Sunday, 13 July 2014

Oaxaca - The Columbian Exchange

Although I learned about the Conquistadors when I was at school, I wanted to get a general overview of the history of the Spanish conquest of the Americas, as I felt that I didn't know the subject well enough and it's important to understand the historical context of Mexico, when blogging about modern-day Oaxaca.

I was lucky enough to find an engaging account of the Spanish conquest called Conquistadors by Michael Wood, written in conjunction with the BBC series of the same name that was broadcast in 2000.  Wood has written several history books as part of the BBC series and I'd recommend this book, as I really enjoyed his easy style of writing and the fact that he quoted from different sources (Aztec and Peruvian), not just telling the story from the Spanish point of view.

Conquistadors (2000) by Michael Wood
16th-century Oaxaca was a little bit off the beaten track, just as it is today, therefore it doesn't feature highly in the story of the Spanish conquest of Mexico.  In those days, 'Mexico' was the Aztec empire, which stretched from the mountains north of the Mexico valley to the southern Pacific coast in modern-day Chiapas.  The Spanish first showed up in the Mayan lands of Yucatan, before moving up the coast to Veracruz and, eventually, making their way to the Aztec capital, Tenochtitlan (modern-day Mexico city) high in the Sierra Madre.

The Columbian Exchange

Wood, quite rightly, depicts the meeting of Aztec leader, Motecuhozuma (aka Montezuma) with the conquistador Hernán Cortés as a 'meeting of two worlds'.  Karl Marx described it as 'the greatest event in the history of the world'.  As it turned out, the meeting was more of collision of completely different cultures and the outcomes, in terms of globalisation, were immense - after defeating the Aztecs, the Spanish went on to conquer all of central America, the southern United States and South America.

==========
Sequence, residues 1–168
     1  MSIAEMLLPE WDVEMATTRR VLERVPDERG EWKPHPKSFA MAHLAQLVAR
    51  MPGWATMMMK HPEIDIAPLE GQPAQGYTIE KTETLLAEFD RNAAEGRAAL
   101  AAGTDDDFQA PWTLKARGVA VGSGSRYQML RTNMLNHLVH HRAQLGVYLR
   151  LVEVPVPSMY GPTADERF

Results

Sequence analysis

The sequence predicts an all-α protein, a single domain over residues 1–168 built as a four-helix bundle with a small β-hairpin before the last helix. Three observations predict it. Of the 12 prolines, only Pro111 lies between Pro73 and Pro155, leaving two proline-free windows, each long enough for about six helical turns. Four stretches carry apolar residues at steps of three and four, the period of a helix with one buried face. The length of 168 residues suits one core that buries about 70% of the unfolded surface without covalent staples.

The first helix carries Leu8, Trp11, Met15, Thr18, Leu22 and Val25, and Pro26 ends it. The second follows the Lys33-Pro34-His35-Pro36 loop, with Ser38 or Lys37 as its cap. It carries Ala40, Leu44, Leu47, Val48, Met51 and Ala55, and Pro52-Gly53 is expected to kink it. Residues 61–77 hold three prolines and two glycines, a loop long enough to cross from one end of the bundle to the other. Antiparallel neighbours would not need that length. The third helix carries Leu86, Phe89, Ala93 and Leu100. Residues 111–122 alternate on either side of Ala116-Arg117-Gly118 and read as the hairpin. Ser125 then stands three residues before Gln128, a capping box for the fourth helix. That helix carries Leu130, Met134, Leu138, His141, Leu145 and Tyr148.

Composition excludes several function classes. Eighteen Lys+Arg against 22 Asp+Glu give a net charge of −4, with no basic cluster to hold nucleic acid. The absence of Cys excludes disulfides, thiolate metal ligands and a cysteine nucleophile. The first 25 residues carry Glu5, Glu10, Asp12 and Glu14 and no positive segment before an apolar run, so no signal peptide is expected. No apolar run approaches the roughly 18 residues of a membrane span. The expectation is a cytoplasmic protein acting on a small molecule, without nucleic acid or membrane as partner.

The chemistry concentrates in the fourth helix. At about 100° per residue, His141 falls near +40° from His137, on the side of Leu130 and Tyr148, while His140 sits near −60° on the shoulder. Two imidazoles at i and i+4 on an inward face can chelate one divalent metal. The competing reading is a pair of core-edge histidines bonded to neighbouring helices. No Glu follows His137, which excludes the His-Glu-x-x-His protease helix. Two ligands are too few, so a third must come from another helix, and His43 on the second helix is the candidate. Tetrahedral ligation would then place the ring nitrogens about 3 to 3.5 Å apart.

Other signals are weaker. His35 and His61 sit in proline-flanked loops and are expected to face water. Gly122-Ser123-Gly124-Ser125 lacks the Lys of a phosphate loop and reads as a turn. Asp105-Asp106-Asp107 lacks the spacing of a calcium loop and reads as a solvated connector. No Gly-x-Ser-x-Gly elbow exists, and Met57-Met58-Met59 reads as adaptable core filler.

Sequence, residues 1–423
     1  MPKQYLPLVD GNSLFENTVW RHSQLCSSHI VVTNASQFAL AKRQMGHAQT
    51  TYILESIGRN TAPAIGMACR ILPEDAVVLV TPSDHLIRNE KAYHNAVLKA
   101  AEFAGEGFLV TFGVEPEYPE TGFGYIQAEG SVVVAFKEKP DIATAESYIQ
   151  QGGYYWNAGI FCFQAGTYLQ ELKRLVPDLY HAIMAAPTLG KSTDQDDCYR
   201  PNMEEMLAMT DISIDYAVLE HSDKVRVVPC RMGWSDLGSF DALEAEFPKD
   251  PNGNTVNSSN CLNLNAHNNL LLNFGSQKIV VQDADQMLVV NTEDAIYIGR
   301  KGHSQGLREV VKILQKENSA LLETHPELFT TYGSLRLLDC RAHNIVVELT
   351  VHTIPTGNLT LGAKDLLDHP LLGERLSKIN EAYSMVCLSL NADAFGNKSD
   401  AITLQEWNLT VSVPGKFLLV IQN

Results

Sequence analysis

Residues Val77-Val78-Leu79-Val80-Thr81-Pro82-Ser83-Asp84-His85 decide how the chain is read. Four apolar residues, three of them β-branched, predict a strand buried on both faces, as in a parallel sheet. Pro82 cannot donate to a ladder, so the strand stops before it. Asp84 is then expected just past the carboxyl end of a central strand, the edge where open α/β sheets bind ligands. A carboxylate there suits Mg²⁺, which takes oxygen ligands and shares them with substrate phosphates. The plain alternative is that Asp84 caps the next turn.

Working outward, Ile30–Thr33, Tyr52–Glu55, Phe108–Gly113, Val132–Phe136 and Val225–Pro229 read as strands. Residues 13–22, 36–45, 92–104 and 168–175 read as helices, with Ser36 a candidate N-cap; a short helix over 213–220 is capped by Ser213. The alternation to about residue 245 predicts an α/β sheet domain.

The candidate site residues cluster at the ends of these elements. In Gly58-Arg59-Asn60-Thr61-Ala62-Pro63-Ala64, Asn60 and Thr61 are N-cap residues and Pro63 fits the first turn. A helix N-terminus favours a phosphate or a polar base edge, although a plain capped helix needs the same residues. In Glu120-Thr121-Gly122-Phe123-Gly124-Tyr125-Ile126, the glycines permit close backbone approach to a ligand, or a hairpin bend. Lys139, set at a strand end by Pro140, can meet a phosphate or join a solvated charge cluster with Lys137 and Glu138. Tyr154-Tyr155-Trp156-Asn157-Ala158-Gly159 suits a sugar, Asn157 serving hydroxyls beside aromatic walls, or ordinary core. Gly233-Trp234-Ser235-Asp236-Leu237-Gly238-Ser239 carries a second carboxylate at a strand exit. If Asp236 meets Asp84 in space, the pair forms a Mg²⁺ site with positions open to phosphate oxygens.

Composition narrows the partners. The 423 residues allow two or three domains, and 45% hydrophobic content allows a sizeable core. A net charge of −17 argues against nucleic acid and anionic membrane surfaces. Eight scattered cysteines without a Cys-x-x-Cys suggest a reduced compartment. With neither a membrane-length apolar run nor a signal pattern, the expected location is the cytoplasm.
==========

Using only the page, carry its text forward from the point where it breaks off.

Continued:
I found the term 'Columbian exchange' quite interesting - it has nothing to do with cocaine or the Bolsa de Bogota, but refers to the exchange of cultures, goods and materials that happened as a result of Colombus' 'discovery' of the Americas.  It was the cruellest exchange in history; where the Americans gave us new foods, plants, medicines and cultural wealth, Europeans brought disease, destruction and devastation to highly-sophisticated societies that had evolved over many centuries without outside influence.

Guns, Germs and Steel

I read a book a few years ago called, Guns, Germs and Steel (1997) by the US scientist, Jared Diamond. This book, more than any other, helped me understand the geography of the world and how this enabled Europeans to make the technological advancements that enabled them to conquer American societies which were unable to resist European guns, germs and steel.

It's estimated that 90-95% of the native population in the Americas died as a result of European diseases, the chief culprit being smallpox, which native Americans had no resistance to.  These deadly epidemics, more than anything, led to the successful conquest of the Americas by Europeans.

There is an interesting documentary on YouTube (by National Geographic) that outlines Diamond's theories - I'm embedding the video below, so you can watch this, if you're interested.